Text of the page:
concerning stone maidens
The universe is full of magical things, patiently waiting for our wits to grow sharper -
Walk out of Belstone village on the western side, go through the gate and out on to the
moor, then make your way towards Belstone Tor. Near the base of the Tor you will see a stone
circle or cairn erected to surround a round burial barrow from the Bronze Age, or kistvaen,
as they are named on Dartmoor. On the Ordnance Survey Map the stone circle appears as Nine
Stones, but it is more widely known as The Nine Maidens.
A nineteenth century rambler, Samuel Rowe, gives this brief description of the Nine Stones
in "A Perambulation of the Ancient and Royal Forest of Dartmoor and the Venville Precincts"
dated 1848. His chosen approach to Belstone Tor was from the East Okement valley to the
... we shall mount the steep ascent towards Belstone Tor, and within a quarter of a mile,
on its western slope, we shall observe the circle called in the neighbourhood Nine Stones,
but which in reality consists of seventeen stones, erect, the highest of which is not more
than two feet and a half from the ground.
Present day stone counters reckon there to be just sixteen stones, though The Book of
Belstone ups the tally to 20 if we include 'small stones and five toppled or insecure
temporary ones'. Issue 61 of Notes and Queries published in 1850 reminds us of the
propensity of the stones to dance, according to legend.
The stone circles on Dartmoor, are said to have been made "when there were wolves on the
hills, and winged serpents in the low lands." On the side of Belstone Tor, near Oakhampton,
is a small grave circle called "Nine Stones." It is said to dance every day at noon.
In The Witchcraft and Folklore of Dartmoor by Ruth St Leger-Gordon, the author quotes this
poem from the Book of Avis trilogy by Eden Phillpotts as supposedly inspired by this stone
And now at every Hunter's Moon
That haggard cirque of stones so still
Awakens to immortal thrill
And seven small maidens in silver shoon
Twixt dark of night and white of day
Twinkle upon the sere old heath
Like living blossoms in a wreath
Then shrink again to granite grey.
So blue-eyed Dian shall ever dance
With Linnette, Bethkin, Jennifer,
Arisa, Petronell and Nance.
Hunter's Moon is usually the full moon in October, this being the full moon after the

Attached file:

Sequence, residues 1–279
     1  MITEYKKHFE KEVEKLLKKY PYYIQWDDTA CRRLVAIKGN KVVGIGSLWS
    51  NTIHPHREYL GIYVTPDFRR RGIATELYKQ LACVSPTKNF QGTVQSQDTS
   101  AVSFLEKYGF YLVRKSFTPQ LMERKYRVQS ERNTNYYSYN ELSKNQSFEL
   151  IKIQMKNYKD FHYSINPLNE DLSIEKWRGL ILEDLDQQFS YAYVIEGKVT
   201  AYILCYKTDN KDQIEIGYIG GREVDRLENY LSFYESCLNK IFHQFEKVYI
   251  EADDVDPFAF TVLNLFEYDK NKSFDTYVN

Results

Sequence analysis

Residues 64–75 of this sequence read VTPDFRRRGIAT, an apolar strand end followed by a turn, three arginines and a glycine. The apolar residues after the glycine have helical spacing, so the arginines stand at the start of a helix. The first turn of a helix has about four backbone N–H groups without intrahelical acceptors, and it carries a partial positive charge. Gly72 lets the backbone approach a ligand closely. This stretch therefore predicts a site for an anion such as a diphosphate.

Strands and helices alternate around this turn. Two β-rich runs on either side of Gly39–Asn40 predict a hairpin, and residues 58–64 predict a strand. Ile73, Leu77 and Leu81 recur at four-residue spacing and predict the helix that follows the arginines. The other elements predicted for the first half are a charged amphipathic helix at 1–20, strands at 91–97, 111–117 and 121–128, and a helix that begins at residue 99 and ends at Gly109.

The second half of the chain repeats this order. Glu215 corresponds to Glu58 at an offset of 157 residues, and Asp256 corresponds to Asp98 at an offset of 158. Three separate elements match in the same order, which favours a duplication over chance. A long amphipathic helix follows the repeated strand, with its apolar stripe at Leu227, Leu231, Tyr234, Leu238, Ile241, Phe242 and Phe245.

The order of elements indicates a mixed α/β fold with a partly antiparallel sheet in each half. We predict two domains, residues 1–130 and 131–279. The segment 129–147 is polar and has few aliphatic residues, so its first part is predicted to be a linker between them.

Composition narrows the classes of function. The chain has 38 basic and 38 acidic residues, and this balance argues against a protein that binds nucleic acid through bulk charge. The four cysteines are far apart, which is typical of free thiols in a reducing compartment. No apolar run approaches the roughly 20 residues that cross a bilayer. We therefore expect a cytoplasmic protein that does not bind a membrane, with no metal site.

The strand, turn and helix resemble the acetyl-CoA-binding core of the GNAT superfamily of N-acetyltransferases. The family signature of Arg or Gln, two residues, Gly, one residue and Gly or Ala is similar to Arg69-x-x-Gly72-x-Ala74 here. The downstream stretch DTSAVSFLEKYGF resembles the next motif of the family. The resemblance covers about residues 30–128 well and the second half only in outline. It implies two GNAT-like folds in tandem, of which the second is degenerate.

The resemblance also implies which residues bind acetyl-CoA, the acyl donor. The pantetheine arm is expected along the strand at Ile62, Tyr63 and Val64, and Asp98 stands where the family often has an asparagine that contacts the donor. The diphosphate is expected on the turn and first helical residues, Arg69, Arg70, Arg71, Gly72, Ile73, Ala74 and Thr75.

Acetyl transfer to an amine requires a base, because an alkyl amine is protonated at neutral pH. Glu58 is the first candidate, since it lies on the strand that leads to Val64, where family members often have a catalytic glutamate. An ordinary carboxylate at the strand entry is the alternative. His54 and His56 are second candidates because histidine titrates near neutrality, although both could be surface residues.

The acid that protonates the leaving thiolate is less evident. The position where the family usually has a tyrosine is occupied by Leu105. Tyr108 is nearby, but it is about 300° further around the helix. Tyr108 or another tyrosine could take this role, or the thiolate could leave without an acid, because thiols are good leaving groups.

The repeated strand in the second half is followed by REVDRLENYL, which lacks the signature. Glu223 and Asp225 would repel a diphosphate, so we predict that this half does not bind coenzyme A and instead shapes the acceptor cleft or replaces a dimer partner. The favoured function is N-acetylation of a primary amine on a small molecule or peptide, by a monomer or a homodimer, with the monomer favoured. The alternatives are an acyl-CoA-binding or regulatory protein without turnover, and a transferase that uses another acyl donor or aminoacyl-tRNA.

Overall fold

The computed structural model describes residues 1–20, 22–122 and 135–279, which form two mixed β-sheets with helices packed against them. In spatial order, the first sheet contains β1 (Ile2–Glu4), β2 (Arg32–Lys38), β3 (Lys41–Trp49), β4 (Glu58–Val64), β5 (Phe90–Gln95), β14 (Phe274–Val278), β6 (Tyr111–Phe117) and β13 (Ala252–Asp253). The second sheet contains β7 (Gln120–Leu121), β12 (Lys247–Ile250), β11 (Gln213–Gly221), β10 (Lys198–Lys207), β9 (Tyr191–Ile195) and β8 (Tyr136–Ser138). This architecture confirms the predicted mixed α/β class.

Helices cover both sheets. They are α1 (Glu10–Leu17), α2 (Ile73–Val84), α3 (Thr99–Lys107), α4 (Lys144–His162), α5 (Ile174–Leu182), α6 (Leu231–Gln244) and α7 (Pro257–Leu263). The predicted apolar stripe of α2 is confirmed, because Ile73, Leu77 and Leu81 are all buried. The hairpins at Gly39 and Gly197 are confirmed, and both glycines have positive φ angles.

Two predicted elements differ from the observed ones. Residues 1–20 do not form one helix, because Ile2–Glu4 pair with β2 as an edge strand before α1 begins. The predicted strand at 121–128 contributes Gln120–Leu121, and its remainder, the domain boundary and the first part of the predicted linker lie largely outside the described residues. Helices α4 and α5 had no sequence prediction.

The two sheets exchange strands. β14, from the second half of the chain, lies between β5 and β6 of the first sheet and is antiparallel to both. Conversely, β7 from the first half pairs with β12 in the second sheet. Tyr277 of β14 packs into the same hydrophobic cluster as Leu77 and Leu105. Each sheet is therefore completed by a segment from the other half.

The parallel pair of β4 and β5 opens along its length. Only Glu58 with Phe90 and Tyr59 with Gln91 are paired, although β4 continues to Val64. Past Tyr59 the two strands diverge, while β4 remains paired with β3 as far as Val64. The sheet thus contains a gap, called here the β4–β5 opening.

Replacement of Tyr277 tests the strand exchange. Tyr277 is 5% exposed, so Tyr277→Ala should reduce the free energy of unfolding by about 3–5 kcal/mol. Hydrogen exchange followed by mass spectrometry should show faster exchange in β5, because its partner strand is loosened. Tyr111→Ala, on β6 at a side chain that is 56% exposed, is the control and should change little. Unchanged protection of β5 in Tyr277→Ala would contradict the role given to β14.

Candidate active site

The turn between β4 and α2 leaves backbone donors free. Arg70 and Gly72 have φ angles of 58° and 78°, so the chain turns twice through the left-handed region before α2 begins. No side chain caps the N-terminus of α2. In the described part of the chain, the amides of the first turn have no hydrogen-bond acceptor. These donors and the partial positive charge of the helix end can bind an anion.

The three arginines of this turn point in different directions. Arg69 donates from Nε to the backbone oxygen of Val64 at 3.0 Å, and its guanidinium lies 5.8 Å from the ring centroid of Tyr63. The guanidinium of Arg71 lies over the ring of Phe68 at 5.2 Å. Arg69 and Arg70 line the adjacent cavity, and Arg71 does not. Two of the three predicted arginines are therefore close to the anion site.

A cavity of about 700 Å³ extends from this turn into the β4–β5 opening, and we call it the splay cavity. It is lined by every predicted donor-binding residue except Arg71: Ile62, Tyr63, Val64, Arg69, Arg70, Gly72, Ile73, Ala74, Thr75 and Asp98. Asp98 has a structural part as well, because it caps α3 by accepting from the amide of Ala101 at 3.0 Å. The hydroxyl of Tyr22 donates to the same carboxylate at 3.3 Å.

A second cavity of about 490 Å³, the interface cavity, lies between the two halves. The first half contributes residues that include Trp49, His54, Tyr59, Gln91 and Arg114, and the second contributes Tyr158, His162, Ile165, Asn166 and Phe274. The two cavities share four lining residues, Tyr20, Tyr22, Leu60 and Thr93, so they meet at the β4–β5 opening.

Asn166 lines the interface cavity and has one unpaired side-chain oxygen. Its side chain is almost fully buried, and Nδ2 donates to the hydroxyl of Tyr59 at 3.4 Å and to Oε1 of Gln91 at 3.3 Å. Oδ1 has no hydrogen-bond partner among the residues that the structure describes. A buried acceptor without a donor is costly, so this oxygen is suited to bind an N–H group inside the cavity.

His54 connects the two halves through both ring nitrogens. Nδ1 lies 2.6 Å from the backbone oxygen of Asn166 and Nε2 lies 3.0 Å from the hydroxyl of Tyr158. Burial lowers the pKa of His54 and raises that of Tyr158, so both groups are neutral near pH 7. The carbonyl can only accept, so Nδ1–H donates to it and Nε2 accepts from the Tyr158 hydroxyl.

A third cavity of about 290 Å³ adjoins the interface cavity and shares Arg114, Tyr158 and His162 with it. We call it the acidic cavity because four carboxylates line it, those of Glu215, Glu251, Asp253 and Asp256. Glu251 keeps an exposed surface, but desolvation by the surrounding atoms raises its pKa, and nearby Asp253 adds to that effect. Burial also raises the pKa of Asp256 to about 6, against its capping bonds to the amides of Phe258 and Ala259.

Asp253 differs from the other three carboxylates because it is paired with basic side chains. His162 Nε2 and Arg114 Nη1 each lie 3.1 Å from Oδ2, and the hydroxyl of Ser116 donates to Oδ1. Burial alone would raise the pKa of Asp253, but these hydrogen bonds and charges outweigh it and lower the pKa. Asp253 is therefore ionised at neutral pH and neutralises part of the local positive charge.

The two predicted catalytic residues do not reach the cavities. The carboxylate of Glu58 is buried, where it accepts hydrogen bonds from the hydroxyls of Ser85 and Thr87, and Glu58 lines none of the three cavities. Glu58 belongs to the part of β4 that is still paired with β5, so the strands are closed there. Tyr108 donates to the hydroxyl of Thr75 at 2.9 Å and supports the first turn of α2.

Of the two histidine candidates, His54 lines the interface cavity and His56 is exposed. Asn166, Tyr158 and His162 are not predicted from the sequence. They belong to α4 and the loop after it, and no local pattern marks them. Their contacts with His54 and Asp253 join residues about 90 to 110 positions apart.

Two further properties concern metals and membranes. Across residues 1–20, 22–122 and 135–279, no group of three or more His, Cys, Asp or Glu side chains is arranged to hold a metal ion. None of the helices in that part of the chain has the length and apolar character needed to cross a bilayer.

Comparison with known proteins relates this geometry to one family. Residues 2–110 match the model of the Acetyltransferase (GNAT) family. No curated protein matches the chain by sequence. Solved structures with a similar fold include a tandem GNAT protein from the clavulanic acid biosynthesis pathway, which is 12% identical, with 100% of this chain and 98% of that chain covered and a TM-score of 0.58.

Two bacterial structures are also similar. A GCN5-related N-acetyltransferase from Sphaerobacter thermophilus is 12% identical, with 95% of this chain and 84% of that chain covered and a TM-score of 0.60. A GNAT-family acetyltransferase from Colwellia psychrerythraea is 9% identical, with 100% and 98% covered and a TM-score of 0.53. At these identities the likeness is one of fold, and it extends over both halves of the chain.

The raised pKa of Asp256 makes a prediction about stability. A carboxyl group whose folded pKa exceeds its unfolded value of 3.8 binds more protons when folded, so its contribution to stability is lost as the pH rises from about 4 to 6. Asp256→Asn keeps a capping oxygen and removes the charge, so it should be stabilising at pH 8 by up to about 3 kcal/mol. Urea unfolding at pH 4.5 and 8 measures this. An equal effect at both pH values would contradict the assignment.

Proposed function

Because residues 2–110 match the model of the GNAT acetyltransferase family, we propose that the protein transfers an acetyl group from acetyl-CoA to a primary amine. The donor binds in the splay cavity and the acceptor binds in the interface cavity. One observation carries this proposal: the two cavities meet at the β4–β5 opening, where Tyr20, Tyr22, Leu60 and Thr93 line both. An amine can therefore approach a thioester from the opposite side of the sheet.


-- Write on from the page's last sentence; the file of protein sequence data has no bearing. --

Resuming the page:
Harvest Moon. In the poem Eden has taken a generous poet's licence to transform the legend by
changing the dancing frequency from once a day to once a year, dropping a couple of stones,
and moving the dancing time from day to night. Perhaps, as St. Leger-Gordon speculates,
Eden's musings were based on his recollections of a different stone circle?
It is time to pose a question. What is it that makes the number of stones in a cairn total
nine, regardless of the actual number?
The answer can be found in Ruth St Leger-Gordon's book, where the mythological basis is
given for the many examples in the UK of stone circles associated with the dancing legend
that are called Nine Maidens, regardless of the actual number of stones in the circle. The
delightful Legendary Dartmoor
site has a good outline of this topic.
One well-known instance is the Nine Stones of Boskednan (aka Nine Maidens) in the Penwith
District of Cornwall where it is said there are 22 stones in all, of which 11 are now
standing upright following a facelift in 2004
. No such permanent 'restoration' work has been carried out
at Belstone Tor, which may be because local superstition cautions that disturbing the
stones will curse the perpetrator with grave misfortune. This prophesy seems to have been
fulfilled in 1985 when a local film crew added an extra stone while shooting a mystery
called The Circle of Doom. It is said that the only copy of the film was subsequently lost
in the post.
This view to the north from Belstone Tor was captured during the heat wave of July 2013.
The Nine Maidens can just be made out in the middle distance to the left of the head of the
seated figure of my younger son Leo.
The Book of Belstone by Chris and Marion Walpole, private publication, 2002.
Mysteries and Folklore of Dartmoor by Ruth St. Leger-Gordon, Robert Hale 1965; reprinted
Peninsula Press, 1994.
| | last modified on
16 Nov 2014